The legal system will need to reconsider who is held liable to ensure that justice is served when an accident happens. Asaro argues that the moral and legal issues surrounding autonomous weapons are much different than the issues surrounding other autonomous machines, such as self-driving cars.
Though researchers still expect the occasional fatal accident to occur with self-driving cars, these autonomous vehicles are designed with safety in mind. One of the goals of self-driving cars is to save lives. “The fundamental difference is that with any kind of weapon, you’re intending to do harm, so that carries a special legal and moral burden,” Asaro explains. “There is a moral responsibility to ensure that [the weapon is] only used in legitimate and appropriate circumstances.”
Furthermore, liability with autonomous weapons is much more ambiguous than it is with self-driving cars and other domestic robots.
With self-driving cars, for example, bigger companies like Volvo intend to embrace strict liability – where the manufacturers assume full responsibility for accidental harm. Although it is not clear how all manufacturers will be held accountable for autonomous systems, strict liability and threats of class-action lawsuits incentivize manufacturers to make their product as safe as possible.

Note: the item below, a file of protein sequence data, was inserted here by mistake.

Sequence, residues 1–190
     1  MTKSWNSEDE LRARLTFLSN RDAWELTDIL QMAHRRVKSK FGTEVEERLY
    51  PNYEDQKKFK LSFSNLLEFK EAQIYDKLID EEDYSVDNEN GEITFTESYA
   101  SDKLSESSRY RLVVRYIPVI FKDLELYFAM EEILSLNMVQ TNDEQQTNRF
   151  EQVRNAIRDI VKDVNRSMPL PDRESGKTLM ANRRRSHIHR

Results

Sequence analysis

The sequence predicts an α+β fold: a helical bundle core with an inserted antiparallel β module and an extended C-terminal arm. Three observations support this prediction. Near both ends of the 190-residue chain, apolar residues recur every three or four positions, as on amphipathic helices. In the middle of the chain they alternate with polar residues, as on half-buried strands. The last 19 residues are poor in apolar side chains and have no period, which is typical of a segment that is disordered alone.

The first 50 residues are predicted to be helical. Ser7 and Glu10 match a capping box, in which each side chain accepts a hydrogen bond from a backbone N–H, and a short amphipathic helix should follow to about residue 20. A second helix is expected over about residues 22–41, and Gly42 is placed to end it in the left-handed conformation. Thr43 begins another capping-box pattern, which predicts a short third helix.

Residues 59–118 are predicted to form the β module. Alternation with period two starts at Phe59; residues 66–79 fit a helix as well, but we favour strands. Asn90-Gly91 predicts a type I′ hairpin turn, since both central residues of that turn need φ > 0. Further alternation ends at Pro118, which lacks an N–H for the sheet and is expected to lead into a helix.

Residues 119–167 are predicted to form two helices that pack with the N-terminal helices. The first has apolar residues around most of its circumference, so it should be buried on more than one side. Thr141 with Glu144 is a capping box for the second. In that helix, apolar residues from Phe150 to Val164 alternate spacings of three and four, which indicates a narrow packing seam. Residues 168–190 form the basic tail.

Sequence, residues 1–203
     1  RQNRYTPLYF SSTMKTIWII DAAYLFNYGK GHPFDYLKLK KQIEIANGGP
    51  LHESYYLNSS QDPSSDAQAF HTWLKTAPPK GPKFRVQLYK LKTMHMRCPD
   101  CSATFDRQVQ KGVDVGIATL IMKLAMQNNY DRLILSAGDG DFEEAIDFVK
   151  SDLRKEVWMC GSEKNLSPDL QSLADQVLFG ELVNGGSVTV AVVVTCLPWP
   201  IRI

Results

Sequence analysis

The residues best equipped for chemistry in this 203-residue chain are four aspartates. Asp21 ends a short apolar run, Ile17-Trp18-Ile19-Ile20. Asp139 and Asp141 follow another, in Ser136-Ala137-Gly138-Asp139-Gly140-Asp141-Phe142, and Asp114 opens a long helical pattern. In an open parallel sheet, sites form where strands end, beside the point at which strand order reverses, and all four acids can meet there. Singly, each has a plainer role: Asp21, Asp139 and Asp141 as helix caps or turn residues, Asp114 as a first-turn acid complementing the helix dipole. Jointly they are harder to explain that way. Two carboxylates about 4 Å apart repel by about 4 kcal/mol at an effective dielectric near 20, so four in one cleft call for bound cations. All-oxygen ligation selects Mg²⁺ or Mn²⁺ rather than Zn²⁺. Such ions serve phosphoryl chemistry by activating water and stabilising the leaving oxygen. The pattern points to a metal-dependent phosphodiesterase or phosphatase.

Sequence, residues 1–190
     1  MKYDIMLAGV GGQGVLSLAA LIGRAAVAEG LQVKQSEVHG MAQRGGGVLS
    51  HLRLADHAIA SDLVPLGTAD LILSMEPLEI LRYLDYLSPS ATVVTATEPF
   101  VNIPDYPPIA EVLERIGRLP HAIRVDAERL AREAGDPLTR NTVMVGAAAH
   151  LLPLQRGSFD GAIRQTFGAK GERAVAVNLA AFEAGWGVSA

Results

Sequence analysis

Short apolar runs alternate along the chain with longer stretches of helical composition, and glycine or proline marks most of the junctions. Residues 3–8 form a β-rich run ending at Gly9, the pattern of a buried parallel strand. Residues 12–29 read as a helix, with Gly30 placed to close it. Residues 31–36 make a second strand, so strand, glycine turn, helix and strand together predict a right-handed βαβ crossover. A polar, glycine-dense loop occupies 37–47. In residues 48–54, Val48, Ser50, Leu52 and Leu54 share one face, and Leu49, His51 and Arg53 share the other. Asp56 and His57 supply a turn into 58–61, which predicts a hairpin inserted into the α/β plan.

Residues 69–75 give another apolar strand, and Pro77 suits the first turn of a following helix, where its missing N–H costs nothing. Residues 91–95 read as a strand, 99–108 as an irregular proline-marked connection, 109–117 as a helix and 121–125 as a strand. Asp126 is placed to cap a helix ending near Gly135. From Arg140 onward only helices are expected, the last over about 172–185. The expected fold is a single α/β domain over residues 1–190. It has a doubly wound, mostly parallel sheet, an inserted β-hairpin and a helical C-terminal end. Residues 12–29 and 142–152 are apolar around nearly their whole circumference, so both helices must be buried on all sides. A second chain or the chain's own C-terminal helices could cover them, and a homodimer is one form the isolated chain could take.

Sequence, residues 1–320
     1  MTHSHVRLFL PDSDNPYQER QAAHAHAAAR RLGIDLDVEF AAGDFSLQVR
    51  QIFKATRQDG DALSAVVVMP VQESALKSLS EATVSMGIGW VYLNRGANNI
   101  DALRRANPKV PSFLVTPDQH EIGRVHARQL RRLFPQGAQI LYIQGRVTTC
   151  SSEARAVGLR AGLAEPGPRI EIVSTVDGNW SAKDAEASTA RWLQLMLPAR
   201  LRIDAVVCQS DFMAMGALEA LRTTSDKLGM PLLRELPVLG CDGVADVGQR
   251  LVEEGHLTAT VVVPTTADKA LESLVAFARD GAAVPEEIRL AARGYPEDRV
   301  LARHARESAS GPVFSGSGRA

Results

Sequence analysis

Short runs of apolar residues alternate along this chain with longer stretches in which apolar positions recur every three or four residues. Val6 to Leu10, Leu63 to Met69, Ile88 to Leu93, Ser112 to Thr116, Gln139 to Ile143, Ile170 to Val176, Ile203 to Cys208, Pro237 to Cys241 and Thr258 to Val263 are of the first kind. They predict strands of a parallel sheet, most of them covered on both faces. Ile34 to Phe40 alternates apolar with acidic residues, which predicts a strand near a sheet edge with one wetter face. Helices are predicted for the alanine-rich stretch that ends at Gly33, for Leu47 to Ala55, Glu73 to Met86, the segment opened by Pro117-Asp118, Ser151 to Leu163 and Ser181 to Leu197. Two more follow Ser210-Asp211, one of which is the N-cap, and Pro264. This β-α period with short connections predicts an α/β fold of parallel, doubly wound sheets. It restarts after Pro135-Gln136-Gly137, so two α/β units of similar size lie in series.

Warfare, on the other hand, is a much messier situation.
“You don’t really have liability in war,” says Asaro. “The US military could sue a supplier for a bad product, but as a victim who was wrongly targeted by a system, you have no real legal recourse.”
Autonomous weapons only complicate this. “These systems become more unpredictable as they become more sophisticated, so psychologically commanders feel less responsible for what those systems do. They don’t internalize responsibility in the same way,” Asaro explained at the Ethics of AI conference.
To ensure that commanders internalize responsibility, Asaro suggests that “the system has to allow humans to actually exercise their moral agency.”
That is, commanders must demonstrate that they can fully control the system before they use it in warfare. Once they demonstrate control, it can become clearer who can be held accountable for the system’s actions.
Behind these concerns about liability, lies the overarching concern that autonomous machines might act in ways that humans never intended. Asaro asks: “When these systems become more autonomous, can the owners really know what they’re going to do?”
Even the programmers and manufacturers may not know what their machines will do. The purpose of developing autonomous machines is so they can make decisions themselves – without human input. And as the programming inside an autonomous system becomes more complex, people will increasingly struggle to predict the machine’s action.
Companies and governments must be prepared to handle the legal complexities of a domestic or military robot or system causing unintended harm. Ensuring justice for those who are harmed may not be possible without a clear framework for liability.
Asaro explains, “We need to develop policies to ensure that useful technologies continue to be developed while ensuring that we manage the harms in a just way. A good start would be to prohibit automating decisions over the use of violent and lethal force, and to focus on managing the safety risks in beneficial autonomous systems.”